A workout can be memorable, so too can cramps. It can derail a good night's sleep or wreak havoc on your promising workout. Either way, muscle cramps are the nightmare of every athlete. For a jogger, cyclist or swimmer, a muscular occurrence may jeopardize the workout. But why do cramps even happen? Well, for starters, they are one of the worst understood facets of human muscular activity. They can cause changes in motor neuron excitability. Some motor nerves in the muscles discharge suddenly, due to unknown circumstances. That can cause involuntary muscular contractions, which can be very painful and unpleasant. When it comes to other reasons, there are several prominent theories. Possible culprits are the muscular contraction. They are a cause of fatigued regime of working out and muscle tightness. When your muscles are in a limited range of motions, the tightness induces cramps.
If you're in the middle of an excruciating set and a cramp strikes you, there is one best solution. That solution is none other than just plain resting. By stopping your jog or exercise set, you can give your muscle a time to recuperate. In most cases, cramps go away in a matter of several tens of seconds. This is known as an immediate treatment measure and is your best bet when the cramp strikes. If you don't rest, you might further disrupt the motor nerves within the fibers.
You've tried resting and a few minutes have passed. During those few minutes, the cramp has known no signs of retreat whatsoever. To stop the cramp, in this case, your best solution is beginning a slight stretch of the affected muscle. That way, you can alarm the fibers and incline them to stop the cramping sensation. First, you should relax the leg and stop any activity. Then, you can always establish a 30-second stretch of the muscle. By doing that, your motor nerves will feel the extra tension and the cramp will lessen.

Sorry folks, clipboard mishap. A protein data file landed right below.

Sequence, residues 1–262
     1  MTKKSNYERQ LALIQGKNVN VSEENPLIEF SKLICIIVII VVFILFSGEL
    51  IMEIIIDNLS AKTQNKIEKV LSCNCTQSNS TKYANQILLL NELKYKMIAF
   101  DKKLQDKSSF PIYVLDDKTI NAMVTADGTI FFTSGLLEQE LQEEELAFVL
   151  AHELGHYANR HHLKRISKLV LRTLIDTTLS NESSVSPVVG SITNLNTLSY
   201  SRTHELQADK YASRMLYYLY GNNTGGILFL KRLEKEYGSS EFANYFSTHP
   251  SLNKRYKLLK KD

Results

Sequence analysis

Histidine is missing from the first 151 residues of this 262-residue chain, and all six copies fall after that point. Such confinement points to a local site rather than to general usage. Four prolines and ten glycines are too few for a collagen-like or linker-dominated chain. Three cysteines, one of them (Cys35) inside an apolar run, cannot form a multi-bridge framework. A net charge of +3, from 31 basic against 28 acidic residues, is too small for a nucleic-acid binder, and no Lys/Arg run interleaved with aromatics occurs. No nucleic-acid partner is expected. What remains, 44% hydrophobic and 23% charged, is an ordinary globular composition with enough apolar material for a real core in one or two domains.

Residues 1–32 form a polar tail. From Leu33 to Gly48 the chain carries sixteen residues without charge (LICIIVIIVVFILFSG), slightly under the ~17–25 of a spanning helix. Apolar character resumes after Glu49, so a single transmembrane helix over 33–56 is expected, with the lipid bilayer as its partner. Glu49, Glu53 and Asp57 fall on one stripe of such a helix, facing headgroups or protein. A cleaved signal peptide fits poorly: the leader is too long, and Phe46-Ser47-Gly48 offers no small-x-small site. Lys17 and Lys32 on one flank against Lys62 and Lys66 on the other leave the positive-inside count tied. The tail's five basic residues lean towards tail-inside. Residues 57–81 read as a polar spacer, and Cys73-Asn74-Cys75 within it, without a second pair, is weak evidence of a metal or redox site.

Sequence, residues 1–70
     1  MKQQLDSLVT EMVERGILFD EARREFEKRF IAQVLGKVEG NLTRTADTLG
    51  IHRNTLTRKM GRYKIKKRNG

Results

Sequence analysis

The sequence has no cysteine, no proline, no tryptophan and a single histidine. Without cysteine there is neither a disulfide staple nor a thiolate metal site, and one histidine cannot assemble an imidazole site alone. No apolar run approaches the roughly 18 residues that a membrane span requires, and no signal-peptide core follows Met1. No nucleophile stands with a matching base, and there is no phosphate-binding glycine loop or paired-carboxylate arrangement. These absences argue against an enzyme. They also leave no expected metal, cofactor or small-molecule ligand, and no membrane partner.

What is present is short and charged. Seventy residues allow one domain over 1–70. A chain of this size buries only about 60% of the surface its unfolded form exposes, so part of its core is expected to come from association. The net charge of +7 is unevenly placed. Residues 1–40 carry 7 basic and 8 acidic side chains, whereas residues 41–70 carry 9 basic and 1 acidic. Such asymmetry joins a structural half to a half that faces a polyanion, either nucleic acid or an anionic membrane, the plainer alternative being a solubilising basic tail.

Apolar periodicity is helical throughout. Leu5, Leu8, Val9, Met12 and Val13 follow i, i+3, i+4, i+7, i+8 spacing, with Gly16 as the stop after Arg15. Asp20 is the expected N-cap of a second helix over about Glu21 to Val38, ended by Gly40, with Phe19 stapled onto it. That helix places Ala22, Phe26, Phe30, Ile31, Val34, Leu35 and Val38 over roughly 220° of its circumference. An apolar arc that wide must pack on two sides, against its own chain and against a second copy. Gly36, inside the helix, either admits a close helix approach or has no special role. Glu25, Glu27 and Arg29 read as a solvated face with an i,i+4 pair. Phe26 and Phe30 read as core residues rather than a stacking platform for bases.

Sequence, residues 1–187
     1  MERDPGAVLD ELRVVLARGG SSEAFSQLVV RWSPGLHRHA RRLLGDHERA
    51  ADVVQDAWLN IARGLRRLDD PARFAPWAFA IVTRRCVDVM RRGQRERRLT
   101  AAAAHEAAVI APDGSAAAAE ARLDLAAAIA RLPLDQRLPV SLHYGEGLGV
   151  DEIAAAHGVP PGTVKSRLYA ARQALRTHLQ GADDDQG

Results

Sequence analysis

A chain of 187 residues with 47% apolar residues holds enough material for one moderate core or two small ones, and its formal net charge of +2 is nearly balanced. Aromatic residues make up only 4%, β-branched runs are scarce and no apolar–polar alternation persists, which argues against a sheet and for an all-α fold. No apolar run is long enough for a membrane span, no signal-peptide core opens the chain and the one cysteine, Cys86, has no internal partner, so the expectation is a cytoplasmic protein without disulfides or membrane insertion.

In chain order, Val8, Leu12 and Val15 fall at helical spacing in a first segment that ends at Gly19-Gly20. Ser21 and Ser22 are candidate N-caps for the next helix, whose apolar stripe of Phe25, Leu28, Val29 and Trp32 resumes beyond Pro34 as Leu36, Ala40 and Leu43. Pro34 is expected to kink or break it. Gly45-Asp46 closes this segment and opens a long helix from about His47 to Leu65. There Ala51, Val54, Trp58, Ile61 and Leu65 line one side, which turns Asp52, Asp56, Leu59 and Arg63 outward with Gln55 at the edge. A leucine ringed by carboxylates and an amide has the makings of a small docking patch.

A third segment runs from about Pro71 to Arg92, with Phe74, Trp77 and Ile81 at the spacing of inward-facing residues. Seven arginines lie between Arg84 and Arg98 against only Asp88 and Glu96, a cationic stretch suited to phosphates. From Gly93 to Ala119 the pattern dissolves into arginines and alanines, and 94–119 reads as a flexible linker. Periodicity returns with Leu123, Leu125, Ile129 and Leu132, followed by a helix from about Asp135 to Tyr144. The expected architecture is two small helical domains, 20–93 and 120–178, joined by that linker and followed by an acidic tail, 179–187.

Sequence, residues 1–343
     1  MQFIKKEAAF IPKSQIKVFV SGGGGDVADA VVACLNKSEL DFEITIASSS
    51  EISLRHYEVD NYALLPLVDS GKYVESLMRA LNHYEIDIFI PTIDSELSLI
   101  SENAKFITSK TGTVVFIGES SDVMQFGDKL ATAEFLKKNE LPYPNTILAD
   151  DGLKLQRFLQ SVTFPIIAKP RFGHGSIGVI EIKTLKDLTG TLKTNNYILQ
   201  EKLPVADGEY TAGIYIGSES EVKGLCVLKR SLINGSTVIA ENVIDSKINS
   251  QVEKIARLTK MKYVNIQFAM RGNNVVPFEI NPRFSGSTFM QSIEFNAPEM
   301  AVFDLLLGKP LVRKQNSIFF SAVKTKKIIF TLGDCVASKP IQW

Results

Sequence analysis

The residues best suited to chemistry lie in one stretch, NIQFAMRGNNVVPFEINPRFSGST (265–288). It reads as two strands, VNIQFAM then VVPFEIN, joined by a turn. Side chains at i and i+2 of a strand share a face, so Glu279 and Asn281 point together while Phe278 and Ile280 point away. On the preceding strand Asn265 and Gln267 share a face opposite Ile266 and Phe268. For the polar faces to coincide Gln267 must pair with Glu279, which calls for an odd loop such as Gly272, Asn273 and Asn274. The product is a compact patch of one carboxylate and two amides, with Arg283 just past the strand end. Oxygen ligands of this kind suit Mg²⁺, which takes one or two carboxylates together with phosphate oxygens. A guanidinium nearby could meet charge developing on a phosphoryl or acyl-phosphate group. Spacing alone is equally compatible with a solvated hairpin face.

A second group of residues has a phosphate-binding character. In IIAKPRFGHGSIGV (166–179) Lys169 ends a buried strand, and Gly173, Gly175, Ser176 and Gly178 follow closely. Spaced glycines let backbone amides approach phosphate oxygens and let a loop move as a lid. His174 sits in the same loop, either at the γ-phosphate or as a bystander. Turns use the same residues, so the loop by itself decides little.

Because muscle cramps are still an unexplored facet of medicine, nothing is for sure. Certain forms of shaking and cramps have gone away by consuming magnesium-enriched water. This method can work both in cases of regular cramps and chronic cramps. If you're looking for more conventional ways to solve this conundrum, try eating nuts or seeds. Several kinds are potent sources of magnesium and can enrich your health. This type of treatment can stop cramps in the long run, too. Try eating some peanuts or cashews before and after a workout.
This way isn't so immediate and straight-forward like the others. This theory is based on the fact that all cells need water to survive. By adding extra amounts of water, you can bypass the cramps that are plaguing you. Now, hydration doesn't mean disorganized guzzling, but more of a determined plan. Set a goal in terms of quantity and then place equal amounts of this quantity throughout the day. That way, you will never get thirsty and supply your muscles with enough water.